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Lost in Transition: Social Sciences, Scenarios of Transformation, and Cognitive Dissonances in East Central Europe after 1989

Duration: 2019 – 2023

The project seeks to place the current anti-liberal and anti-democratic backlash in Eastern Europe, arguably manifesting the all-European socio-political and ideological crisis in its most acute form, into a comparative historical perspective. It raises fundamental questions concerning the intellectual contribution and responsibility of those local and international actors (scholars, experts, think-tanks, NGOs, public intellectuals, etc.) who devised roadmaps for the transition to liberal democracy and market economy, and the interplay of these roadmaps and the realities “on the ground”. Drawing on the rather divergent experiences of three Central European (Czech Republic, Hungary, and Poland) and three Southeast European (Bulgaria, Romania, and Serbia) countries, it aims at unravelling the various scenarios of post-socialist transition projected by local and external social scientists and experts and how these scenarios themselves became actors in the very process of transformation.

Historicizing this period necessarily entails a reflection on the “pre-history” of the transition, focusing on the different projections of regime change elaborated and debated by the dissident and technocratic expert circles during the 1980s, and tracing the way the very narrative of transition became a key component of the political struggles. Thus, the project entails not only the analysis of policies and societal reactions but also that of the immense corpus of knowledge which shaped these policies, starting with the very model of transition which was transferred from the academic sphere to the political one. Obviously, an engagement with different social-scientific knowledge-regimes and methodological specificities requires the cooperation of different disciplines.

The historical reconstruction of “what went wrong” is meant to contribute to the rethinking of the modalities of interaction of academia and politics in a moment of deep moral, institutional and epistemological crisis. In order to understand the current situation and draw some lesson for the future, we need to reflect critically on the contribution of academic knowledge to facing societal challenges. The analysis of paradigms of transitology offers ample food for thought. Hence, the participants in the project will critically reconsider the various scripts of post-socialist social, economic and cultural transformation as formulated by scholarly and expert communities, focusing especially on cognitive dissonances among the different actors, which shaped the process of transition and led to increasing gaps between spaces of experience and horizons of expectation.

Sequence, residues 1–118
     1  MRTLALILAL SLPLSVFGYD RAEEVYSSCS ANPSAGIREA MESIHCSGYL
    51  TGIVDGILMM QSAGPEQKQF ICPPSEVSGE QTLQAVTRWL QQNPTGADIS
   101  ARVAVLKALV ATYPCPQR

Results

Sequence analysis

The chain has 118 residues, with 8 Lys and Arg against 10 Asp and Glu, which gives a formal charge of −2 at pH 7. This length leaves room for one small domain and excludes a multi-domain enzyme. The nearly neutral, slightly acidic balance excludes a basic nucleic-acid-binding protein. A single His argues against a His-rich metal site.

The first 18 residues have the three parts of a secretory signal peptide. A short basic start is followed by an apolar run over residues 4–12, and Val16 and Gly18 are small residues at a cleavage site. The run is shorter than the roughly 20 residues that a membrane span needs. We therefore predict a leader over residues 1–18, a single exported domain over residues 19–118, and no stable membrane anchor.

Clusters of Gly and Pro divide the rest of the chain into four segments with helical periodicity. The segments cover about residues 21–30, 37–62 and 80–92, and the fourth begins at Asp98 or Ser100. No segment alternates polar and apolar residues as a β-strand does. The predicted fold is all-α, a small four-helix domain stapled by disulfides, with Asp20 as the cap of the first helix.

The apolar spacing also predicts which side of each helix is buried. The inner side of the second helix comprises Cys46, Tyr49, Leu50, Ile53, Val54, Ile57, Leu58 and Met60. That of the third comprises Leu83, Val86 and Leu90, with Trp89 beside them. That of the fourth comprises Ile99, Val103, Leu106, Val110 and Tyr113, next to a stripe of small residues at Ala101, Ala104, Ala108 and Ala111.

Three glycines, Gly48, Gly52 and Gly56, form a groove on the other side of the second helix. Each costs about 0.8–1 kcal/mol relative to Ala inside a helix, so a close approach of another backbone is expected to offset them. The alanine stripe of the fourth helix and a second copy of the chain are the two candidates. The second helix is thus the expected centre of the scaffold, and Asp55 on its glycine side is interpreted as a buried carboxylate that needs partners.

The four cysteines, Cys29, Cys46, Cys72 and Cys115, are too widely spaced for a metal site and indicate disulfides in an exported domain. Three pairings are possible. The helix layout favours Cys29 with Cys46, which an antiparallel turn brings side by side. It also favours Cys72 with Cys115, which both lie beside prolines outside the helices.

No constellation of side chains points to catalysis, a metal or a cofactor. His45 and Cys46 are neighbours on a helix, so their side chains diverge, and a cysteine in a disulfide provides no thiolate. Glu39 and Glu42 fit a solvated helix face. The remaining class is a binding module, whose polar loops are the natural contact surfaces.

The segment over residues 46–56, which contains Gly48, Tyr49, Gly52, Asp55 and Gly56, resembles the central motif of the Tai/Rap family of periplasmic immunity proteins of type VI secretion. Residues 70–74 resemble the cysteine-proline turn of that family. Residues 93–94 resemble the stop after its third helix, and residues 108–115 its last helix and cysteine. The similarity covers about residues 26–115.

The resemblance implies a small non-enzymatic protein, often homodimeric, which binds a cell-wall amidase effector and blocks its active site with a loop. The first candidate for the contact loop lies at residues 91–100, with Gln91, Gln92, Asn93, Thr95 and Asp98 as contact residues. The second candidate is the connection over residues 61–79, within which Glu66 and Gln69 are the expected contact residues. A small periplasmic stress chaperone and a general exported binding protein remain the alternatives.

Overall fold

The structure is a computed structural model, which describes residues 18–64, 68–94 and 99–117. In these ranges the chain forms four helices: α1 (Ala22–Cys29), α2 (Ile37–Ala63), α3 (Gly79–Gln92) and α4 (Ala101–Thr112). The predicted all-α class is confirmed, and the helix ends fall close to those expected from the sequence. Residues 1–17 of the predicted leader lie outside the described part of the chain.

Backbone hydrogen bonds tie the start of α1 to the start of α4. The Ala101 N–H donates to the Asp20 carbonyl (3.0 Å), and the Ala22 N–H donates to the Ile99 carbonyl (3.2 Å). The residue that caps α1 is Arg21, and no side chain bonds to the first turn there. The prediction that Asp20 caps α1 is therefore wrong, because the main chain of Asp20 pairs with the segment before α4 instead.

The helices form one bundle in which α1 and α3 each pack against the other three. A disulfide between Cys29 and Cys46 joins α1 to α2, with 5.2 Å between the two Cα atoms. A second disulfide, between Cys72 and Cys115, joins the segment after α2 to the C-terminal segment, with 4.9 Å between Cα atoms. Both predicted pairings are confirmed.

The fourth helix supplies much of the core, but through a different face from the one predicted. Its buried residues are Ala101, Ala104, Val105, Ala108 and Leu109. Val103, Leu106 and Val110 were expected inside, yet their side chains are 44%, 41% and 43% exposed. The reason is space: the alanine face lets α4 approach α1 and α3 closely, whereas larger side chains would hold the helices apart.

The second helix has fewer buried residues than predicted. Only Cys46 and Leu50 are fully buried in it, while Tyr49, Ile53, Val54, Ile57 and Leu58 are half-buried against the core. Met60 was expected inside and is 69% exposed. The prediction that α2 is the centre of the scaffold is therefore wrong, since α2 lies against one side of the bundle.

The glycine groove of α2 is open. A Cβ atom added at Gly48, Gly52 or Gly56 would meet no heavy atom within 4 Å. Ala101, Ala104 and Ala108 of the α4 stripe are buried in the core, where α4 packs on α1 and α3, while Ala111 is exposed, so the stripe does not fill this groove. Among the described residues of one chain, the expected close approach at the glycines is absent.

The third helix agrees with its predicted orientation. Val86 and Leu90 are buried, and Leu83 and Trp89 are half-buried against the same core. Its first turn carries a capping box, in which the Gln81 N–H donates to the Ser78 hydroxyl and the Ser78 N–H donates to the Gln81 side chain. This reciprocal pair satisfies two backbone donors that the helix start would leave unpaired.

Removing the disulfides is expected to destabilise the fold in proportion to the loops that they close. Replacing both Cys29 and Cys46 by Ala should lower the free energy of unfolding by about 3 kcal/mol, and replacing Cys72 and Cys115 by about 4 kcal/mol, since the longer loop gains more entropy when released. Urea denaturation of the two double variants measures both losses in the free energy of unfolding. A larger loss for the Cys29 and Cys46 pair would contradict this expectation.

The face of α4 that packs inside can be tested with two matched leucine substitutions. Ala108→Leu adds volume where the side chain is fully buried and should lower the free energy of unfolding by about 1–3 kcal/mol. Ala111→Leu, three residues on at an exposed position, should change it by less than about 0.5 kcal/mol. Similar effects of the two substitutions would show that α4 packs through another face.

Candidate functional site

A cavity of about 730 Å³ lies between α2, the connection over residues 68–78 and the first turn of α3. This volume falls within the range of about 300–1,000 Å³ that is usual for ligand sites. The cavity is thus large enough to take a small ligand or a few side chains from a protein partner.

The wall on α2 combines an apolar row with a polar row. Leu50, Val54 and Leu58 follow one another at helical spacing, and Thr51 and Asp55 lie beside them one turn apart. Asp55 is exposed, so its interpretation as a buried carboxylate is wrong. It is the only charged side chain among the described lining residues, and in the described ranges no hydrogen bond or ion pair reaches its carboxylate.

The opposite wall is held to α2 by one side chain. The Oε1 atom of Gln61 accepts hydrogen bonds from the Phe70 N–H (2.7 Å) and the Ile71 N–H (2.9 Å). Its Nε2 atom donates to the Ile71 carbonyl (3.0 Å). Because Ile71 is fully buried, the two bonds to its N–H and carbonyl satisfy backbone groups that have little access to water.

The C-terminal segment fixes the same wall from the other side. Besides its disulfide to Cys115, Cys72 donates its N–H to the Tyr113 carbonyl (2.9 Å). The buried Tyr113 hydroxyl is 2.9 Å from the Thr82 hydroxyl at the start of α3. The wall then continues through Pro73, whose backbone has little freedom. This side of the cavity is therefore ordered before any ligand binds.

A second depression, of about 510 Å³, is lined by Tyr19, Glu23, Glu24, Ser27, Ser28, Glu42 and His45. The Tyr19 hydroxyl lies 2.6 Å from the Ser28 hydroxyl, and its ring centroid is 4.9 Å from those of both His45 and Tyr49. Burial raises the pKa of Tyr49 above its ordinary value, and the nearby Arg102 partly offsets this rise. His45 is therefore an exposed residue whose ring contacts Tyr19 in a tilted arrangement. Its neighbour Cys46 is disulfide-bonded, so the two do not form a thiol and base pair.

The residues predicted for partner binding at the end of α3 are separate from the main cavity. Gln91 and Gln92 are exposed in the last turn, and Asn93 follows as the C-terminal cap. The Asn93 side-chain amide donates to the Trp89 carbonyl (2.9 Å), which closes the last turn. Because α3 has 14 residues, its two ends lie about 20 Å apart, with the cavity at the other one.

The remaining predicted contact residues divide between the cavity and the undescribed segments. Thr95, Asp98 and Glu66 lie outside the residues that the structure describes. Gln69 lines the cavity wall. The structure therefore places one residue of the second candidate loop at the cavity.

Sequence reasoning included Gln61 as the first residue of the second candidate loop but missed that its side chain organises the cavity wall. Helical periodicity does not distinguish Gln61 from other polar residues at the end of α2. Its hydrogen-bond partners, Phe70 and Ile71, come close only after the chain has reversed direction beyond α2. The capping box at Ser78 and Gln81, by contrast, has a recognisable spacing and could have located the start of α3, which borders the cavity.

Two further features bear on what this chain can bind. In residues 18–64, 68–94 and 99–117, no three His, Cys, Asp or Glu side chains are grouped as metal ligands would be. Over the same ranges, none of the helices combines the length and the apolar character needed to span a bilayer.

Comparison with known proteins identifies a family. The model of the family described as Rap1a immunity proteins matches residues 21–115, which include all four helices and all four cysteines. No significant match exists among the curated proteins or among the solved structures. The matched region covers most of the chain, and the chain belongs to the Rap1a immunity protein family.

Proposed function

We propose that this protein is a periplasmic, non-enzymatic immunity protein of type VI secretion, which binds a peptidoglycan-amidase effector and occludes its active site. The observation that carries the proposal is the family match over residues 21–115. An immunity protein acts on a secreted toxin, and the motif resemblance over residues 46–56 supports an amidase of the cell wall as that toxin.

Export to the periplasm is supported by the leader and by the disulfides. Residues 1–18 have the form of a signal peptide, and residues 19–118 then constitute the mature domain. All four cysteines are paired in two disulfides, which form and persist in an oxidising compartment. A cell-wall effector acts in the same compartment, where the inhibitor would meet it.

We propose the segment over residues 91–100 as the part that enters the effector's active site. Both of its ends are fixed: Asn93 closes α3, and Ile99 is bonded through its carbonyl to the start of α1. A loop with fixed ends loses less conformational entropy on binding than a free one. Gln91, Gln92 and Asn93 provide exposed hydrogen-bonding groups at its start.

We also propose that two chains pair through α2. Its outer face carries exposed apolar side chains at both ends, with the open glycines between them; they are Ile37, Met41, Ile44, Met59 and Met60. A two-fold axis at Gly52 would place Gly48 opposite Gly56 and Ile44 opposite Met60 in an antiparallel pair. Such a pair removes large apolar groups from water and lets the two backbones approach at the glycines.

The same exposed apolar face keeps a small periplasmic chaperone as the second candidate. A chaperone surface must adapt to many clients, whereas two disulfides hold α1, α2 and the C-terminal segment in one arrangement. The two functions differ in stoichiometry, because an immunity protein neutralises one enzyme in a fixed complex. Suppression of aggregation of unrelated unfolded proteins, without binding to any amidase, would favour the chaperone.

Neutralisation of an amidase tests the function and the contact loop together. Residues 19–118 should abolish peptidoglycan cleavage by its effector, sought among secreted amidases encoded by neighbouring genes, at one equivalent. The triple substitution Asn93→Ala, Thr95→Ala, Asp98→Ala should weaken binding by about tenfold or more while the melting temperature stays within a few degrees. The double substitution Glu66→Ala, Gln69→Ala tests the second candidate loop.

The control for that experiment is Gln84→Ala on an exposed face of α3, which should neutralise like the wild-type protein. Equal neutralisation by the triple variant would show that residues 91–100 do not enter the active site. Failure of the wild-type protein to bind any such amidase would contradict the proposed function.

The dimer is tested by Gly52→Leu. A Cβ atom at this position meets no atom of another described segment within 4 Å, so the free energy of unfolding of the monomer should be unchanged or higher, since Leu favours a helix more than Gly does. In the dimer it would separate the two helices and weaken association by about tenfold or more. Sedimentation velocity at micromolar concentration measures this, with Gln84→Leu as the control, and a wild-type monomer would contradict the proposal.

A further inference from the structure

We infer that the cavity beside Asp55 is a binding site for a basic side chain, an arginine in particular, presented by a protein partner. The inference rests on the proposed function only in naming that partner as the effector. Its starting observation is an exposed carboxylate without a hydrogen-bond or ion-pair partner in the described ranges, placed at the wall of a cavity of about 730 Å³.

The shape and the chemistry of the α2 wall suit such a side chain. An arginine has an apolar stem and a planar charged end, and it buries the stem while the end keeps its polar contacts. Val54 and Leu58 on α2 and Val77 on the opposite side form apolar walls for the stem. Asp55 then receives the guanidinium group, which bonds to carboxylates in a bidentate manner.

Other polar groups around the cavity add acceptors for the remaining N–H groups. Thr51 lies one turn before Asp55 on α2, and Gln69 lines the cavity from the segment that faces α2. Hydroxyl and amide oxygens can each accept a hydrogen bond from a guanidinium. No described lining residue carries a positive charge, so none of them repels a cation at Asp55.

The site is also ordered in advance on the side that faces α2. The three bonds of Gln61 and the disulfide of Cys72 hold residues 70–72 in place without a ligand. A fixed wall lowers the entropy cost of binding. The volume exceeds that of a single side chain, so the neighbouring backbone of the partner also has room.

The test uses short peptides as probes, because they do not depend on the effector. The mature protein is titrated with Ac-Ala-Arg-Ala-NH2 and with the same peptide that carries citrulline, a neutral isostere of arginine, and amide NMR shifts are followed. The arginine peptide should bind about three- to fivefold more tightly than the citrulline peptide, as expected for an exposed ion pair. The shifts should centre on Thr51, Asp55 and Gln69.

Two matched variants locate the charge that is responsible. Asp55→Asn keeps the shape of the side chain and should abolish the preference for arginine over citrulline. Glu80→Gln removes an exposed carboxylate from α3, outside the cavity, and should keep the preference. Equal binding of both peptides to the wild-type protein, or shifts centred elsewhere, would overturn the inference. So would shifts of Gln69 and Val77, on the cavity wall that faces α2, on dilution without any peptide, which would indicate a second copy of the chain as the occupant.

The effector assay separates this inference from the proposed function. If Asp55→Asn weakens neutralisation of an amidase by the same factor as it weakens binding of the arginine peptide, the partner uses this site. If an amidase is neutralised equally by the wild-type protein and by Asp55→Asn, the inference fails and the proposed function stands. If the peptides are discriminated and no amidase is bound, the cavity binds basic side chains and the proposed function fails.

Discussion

The project will be implemented between 1 November 2019 and 31 October 2022, and envisages the following activities: regular workshops, individual and team research work, international conferences, preparing research results for publication, other forms of dissemination reaching broader public and higher education institutions (web-based and media platforms), curriculum development on contemporary history of the region.

The direct beneficiary group is a cohort of young social scientists from six countries in East Central Europe, who will be brought together to develop, under the supervision of a group of established scholars, the analytical instruments to interrogate critically the capacities of their disciplines to meet the challenges of our future. The indirect beneficiaries are a number of interest groups – academics, public intellectuals, NGOs, participants in public debates and politicians – who possess the authority and resources to bring their knowledge to bear on societal decision-making and raise public awareness on major critical issues of our time.

Senior Facilitators of the project thematic sub-groups:

Selected Junior Fellows:

  • Vitezslav Sommer, Institute of Contemporary History, Prague: tbc;
  • Ondřej Slačálek, Charles University in Prague: From Communist Past to Declinist Future? Temporal and spatial aspects;
    of formations and transformations of post-Communist identities in Poland and the Czech Republic;
  • Anna Calori, University of Leipzig: From NIEO to the Washington Consensus: Debating economic reforms between globalisation, development, and third way socialism;
  • Georgi Medarov, Institute of Philosophy and Sociology, Bulgarian Academy of Sciences: Racialization and the Interplay of Roma Inclusion / Exclusion in Post-Socialist Bulgaria:
  • Adela Hincu, independent researcher: Making the Poor in Social Science, Policy and Activism in Romania, 1980s-2000s;
  • Peter Wegenschimmel, University of Vienna, Department of East European History: Economic Heterotopias in Central and Eastern Europe: Shipbuilding, Mining, and the Emergence of National Champions;
  • Bogdan Iacob, Institute of History in Bucharest, Romanian Academy: Peripherality in the European Union: Romania’s Post-Accession Identity Struggles;
  • Endre Orban, National University of Public Service, Budapest: From Legal Classicism to Political Romanticism;
  • Ivaylo Dinev, School of Advanced Studies, Pisa / Institute for Social and Trade Union Research, Sofia: Dynamics of New Civil Society Mobilizations in Bulgaria and Serbia: explaining the up-scaling of anti-regime protest actors;
  • Anna Radiukiewicz, Institute of Political Studies, Polish Academy of Science: Civil Society as a Limit? Discourse on Civil Society in Poland after 1989;
  • Jelena Vasiljević, Institute for Philosophy and Social Theory, University of Belgrade: “How have we come to this?” Tracing Competing Narratives about Identity and Transition in present day Serbia;
  • Gergő Pulay, Centre for Social Sciences, Institute for Minority Studies, Budapest.
The project is funded by the Porticus Foundation.